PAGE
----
Potential poster presentation topics include but are not limited to:
- Patient care
- Clinical oncology
- Culturally specific care
- Palliative care
- Outcomes and health service research
- Recent breast cancer research developments
The conference attracts about 500 attendees annually and would be a great opportunity for trainees to practice disseminating research findings to a lay audience. Full submission instructions can be found here.
The National Cancer Institute (NCI) released an FOA Monday, Nov. 2, inviting grant applications for the Research Specialist Award (R50) in any area of cancer research. This award is designed to support exceptional scientists who are not PIs, providing sufficient autonomy so they are not solely dependent on grants held by principal investigators.
There has been a continued shift in the way research is conducted with an increased reliance on research specialists in labs, cores, and other support facilities. The extramural community has begun to respond to this shift by providing PIs grant support to hire and retain such specialists, but this award is the first to provide an independent funding mechanism for these individuals. Under this mechanism, awardees can move to other research programs or institutions while maintaining funding.
Earlier this year, we reported on the NCI’s plans to offer this award in its effort to stabilize the scientific workforce. With the release of this FOA, questions still remain about potential impact on the way labs do business and how much demand there will be for this funding mechanism.
The award will fund:
- Up to 100 percent salary support for the research specialist commensurate with their level of effort on NCI-funded grants for up to five years
- Travel costs not to exceed $5,000 per year
The number of awards is contingent on NIH appropriations and the submission of a sufficient number of strong applications. To be eligible for this award, the research specialist must identify a primary sponsor (unit director or equivalent) who is responsible for working with the research specialist on planning and executing the proposed research. In addition, the qualified applicant must:
- have an advanced degree (e.g. master’s, Ph.D., D.V.M., D.D.S. or M.D.) in an area of biomedical science or engineering
- have demonstrated cancer research experience and accomplishments
- show clear evidence of productivity with the goal of continuing to make significant contributions to cancer research relevant to the NCI mission
Letter of Intent is due Jan. 9, 2016; full application is due Feb. 9, 2016.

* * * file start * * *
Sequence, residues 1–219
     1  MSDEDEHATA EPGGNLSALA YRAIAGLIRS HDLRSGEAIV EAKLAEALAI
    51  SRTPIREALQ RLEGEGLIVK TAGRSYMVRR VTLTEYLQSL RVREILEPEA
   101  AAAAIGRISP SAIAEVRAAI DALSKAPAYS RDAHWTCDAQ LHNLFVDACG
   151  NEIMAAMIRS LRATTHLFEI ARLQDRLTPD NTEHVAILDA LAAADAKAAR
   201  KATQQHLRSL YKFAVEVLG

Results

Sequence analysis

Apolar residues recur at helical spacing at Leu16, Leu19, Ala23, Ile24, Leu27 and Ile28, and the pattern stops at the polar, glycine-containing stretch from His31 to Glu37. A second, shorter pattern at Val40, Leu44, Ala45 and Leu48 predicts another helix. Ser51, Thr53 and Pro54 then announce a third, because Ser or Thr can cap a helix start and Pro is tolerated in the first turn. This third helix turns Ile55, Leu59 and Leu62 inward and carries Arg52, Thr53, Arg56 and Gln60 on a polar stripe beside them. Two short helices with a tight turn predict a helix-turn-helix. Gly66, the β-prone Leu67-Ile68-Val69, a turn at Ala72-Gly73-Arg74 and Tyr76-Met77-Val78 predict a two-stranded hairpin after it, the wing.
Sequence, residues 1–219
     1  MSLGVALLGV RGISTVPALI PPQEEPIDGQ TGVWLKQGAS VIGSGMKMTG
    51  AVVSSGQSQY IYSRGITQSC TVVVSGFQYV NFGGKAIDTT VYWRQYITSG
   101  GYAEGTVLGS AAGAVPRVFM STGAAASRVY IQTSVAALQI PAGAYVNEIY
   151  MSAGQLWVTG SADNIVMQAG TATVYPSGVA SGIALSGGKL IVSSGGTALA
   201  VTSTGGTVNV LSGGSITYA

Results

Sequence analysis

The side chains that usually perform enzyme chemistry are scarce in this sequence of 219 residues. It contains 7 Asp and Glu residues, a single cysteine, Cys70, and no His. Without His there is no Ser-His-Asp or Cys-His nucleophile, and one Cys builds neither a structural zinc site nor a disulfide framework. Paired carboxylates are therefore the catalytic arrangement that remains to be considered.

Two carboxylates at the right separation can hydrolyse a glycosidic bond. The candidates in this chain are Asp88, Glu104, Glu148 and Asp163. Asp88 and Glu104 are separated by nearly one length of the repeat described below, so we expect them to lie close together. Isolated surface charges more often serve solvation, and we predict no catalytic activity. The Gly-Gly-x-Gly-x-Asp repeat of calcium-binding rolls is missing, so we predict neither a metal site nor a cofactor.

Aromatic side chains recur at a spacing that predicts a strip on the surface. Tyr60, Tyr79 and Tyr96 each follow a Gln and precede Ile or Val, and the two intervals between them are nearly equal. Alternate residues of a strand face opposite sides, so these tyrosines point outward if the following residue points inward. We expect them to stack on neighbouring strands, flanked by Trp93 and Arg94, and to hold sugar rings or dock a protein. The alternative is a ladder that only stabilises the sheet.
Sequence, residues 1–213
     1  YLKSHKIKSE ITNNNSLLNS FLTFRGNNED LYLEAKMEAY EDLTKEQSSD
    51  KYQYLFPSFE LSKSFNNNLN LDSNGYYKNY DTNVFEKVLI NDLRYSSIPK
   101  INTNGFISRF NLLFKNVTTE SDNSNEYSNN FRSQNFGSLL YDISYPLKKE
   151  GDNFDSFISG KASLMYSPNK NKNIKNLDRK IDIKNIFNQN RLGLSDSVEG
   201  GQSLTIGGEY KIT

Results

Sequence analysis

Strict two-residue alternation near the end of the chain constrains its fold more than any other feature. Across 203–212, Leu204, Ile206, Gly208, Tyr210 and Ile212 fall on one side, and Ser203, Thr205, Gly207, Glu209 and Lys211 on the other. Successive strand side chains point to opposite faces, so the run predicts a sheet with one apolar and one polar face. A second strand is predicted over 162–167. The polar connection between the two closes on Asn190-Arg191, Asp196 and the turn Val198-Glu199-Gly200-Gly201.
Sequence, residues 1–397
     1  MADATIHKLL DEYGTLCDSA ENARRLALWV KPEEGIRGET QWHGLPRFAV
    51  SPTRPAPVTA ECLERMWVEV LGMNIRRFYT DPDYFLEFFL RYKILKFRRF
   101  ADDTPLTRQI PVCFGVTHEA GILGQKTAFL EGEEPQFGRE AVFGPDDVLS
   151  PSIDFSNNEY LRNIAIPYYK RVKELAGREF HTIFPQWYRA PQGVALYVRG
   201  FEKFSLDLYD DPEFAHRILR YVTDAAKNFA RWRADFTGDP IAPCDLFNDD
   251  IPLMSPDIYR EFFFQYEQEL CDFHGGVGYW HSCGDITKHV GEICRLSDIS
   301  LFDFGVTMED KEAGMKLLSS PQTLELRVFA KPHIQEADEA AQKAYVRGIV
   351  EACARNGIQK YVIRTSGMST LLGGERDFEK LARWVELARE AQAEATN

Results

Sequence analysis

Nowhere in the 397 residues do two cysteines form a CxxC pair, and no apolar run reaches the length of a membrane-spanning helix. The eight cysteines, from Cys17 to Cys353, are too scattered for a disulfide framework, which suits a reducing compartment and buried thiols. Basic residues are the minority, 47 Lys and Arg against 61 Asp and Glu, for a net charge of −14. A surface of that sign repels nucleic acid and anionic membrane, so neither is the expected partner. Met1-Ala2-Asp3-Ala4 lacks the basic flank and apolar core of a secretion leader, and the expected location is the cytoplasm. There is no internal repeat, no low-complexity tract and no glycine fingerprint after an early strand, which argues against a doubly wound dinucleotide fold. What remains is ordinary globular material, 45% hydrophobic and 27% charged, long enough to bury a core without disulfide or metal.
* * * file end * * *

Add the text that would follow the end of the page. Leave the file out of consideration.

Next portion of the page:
Read the full announcement here.
The University Shared Resources (USR) program and the Senior Vice President for Research office are soliciting grant applications for the USR Core Pilot Grants program. Each grant will provide up to $10,000 to investigators for pre-award or pilot data generated in the cores. Eligible costs are for core services associated with the development and submission of new grants, including consultation time, reagents, supplies, and technical staff time for assisting investigators. However, in some cases they could be used for the development of a specific strategic scientific capability.
- Applicants can use any OHSU core to be considered eligible to receive pilot funding money, but preference will be given to USR cores. Cores must receive all awarded funds. If a portion of the job must be sub-contracted, sub-contracts must be arranged by the core.
- OHSU PIs and senior postdoctoral fellows are eligible to apply.
Please note: Applicants must consult with the director of the designated core prior to application submission and applications must include a letter of support from the core director. Applications are due November 30, 2015 and awards will be announced December 15, 2015.
Learn more here.
Large-scale efforts are underway at NIH to tackle hurdles associated with accessing and utilizing Big Data. Making public data, especially large commonly used data sets, easily accessible in the cloud will reduce the burden and cost of individual investigators independently moving and storing data, enable the ability to compute against data sets, and permit new and novel uses across data sets. The (NIH) Commons was created as a platform to make this possible. It is a shared virtual space where scientists can engage biomedical research digital objects that will allow them to find, manage, share, use and reuse data, software, metadata and workflows. For digital objects to be in the Commons, they must have attributes that make them Findable, Accessible, Interoperable and Reusable (FAIR), i.e. they must follow the FAIR principles.
Because the Commons was only recently introduced and is still under development, many in the research community are still wondering what it’s composed of and how it works. This week, a document was released by NIH that provides a clearer description of the Commons and some of the pilot programs initiated to develop and test its various components.
The Data Science at NIH online forum, INPUT | OUTPUT, published the first in a series of blog posts describing the four main building blocks of the Commons that work together to form a complex ecosystem:
- A computing environment, such as the cloud or HPC (High Performance Computing) resources, which support access, utilization and storage of digital objects.
- Public datasets that adhere to Commons Digital Object Compliance principles.
- Softwareservices and tools that enable a broad array of data indexing and sharing, and connectivity between repositories and registries;
- A set of Digital Object Complianceprinciples that describes the properties of digital objects that enables them to be findable, accessible, interoperable and reproducible (FAIR).
Each of the components are being further refined and integrated through a series of Commons pilots. Because development is ongoing, NIH hopes to foster discussion and gather input from the research community through the INPUT | OUTPUT blog. Stay tuned for future postings.
Read the full document, including details about specific pilots here.